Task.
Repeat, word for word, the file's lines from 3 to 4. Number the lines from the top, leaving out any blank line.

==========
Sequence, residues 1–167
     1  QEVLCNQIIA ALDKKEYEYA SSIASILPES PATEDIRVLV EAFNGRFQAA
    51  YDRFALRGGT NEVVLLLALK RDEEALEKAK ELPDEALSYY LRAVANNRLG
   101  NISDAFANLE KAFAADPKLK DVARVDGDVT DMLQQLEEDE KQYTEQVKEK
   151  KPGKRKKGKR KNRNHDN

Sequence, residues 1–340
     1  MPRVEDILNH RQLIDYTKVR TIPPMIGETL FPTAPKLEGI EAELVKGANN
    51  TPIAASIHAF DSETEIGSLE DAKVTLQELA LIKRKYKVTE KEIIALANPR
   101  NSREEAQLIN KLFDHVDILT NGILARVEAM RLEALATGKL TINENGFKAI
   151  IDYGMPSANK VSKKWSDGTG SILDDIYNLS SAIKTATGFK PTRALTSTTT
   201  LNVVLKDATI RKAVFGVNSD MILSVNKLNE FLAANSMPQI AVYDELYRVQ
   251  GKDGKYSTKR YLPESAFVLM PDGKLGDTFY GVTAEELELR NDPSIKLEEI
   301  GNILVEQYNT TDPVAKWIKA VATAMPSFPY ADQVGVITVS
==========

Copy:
    51  YDRFALRGGT NEVVLLLALK RDEEALEKAK ELPDEALSYY LRAVANNRLG
   101  NISDAFANLE KAFAADPKLK DVARVDGDVT DMLQQLEEDE KQYTEQVKEK